Who will my girls look up to?

Feminism has come a long way. I feel immensely thankful and privileged to live in the UK at this point in history. I’m a strong-willed mama who wouldn’t be at home in 1916 Britain and it’s disgusting that in many places across the world, women are still openly oppressed and repressed. Here in the West, our lives as women have improved vastly and in many circles of life, we can feel that sexism doesn’t exist. I’m pleased that so many men are now standing up and declaring themselves as feminists (RIP Alan Rickman!) but unfortunately, #everydaysexism still exists. There are multiple examples throughout our social media newsfeeds (such as trolls who threaten to rape women who express an opinion) as well as throughout our day-to-day lives (we’ve all seen the catcalling videos).

And then there’s the media in general. The age-old “sex sells” (I didn’t realise I was a prude until I saw this article) and the fact that women who want to be famous (a goal I will never understand) can stand a better chance if they lose weight, dye their hair, get breast implants, botox injections and basically get their kit off.

Does it have to be this way? Am I being too much of an idealist? Do men actually feel the same pressures? Is this the world I want to raise my kids in?

A close friend of mine recently had a bit of a social media rant about the lack of strong, female role models for little girls in her favourite 80s movies. She, like me, was a scrappy little kid who could give as good as she got on the playground. We reminisced about the films we watched as children (some of them not necessarily intended for children to watch, but hey-ho) and it quickly became apparent that the vast majority of them contained male heroes, and that the female characters – where they existed – were passive, weak, objectified by men or just not fully fleshed out characters in comparison to their male counterparts. Who were our favourite characters in The Goonies, Star Wars, The Neverending Story, Flight of the Navigator or Indiana Jones? Who stood out? Who saved the day?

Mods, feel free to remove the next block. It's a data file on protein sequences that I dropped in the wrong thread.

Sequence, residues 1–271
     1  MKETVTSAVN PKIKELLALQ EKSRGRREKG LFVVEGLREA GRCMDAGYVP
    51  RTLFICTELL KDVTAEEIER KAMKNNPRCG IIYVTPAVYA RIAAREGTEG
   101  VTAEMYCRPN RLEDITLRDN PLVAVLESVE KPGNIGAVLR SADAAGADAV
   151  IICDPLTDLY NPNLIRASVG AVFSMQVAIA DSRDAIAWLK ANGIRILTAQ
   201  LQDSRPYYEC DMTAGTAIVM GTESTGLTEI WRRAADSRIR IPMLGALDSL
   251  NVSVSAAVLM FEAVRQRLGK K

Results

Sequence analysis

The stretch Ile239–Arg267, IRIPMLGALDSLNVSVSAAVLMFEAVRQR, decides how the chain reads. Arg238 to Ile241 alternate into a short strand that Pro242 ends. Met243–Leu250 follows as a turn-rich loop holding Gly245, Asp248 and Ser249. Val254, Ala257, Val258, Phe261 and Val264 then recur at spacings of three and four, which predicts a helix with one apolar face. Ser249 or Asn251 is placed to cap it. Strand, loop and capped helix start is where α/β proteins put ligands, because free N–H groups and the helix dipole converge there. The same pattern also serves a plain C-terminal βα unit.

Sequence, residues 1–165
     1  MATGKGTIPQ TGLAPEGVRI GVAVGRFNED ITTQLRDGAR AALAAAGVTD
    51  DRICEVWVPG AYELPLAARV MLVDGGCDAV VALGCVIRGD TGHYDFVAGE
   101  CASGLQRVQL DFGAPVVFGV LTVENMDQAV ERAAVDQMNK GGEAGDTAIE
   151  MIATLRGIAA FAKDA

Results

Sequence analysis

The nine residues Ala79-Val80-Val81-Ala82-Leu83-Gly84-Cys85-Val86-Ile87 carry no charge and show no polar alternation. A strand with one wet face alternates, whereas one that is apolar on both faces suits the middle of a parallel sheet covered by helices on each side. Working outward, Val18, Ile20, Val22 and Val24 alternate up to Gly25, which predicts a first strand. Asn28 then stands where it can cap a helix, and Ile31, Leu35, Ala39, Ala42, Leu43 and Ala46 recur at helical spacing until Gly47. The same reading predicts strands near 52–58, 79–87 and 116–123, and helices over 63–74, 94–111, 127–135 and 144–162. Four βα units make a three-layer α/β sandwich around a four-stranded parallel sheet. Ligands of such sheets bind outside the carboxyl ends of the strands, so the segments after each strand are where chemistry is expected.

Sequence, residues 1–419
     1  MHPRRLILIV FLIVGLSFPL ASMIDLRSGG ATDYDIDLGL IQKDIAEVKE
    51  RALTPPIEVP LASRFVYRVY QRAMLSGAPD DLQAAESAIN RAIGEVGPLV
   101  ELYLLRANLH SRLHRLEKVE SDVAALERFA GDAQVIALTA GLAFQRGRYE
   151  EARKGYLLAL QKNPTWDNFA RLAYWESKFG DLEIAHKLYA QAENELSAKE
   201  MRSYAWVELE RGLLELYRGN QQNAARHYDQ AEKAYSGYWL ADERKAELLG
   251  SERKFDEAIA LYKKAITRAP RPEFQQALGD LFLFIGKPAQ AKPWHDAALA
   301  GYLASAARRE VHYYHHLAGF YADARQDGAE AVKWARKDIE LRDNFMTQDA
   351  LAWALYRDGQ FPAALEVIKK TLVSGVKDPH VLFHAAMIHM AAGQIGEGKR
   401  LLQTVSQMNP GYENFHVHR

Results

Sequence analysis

When a film dared to break the mold, we took notice. We may have been too young to watch them but watch them we did: Ellen Ripley and Sarah Connor, we salute you!

Fast forward to the 21st century and everyone’s wetting themselves over Rey in Star Wars: The Force Awakens. And rightly so! I love that Rey is strong, feisty, talented, and not at all overly sexualised. With clothing that wraps her slim frame in such a way as to make her almost androgynous, she is a true role model for those scrappy little girls who don’t want to grow up to be a pink, sparkly, fairy princess. The last time I got so excited about a female lead was when I watched Kill Bill – but maybe that’s not one to show my girls until they’re older!

I’m a bit of a Star Wars heathen because I actually didn’t watch the original three films until I was an adult. I enjoyed them (but I didn’t love them), and one of the first comments I made to The Hubs was that they were rather male-centric as the only main female character was Princess Lea and she seemed rather wishy-washy half the time (sorry fans!). I feel that the new film has burst some of the barriers wide open; from the fantastic female lead to the likable and non-backstabbyLando Finn.

There remain barriers to be broken when it comes to the media-saturation my kids will experience. I still hear people say that female comedians, for example, are not as funny as male comedians. I have to admit that in my experience of the comedians I’ve seen – both live and on TV – this has been true. But I doubt very much that there is any genetic truth in this; I believe, instead, that for a multitude of reasons, fewer women have aspired to become comedians, and that of those who have, fewer have been able to break it into the mainstream. Therefore, what we have seen so far is unlikely to be the full extent of women’s talent in this regard.

I want to be able to tell my girls that they can be anything they want to be, if they work hard enough for it. What I don’t want to have to tell them is that they’ll have to work harder than men to get there, or that when they do, they’ll be expected to do or say things that a man would not be expected to do or say. And yes I am an idealist, because I believe we’ll get there. Let’s just hope it’s some time soon.

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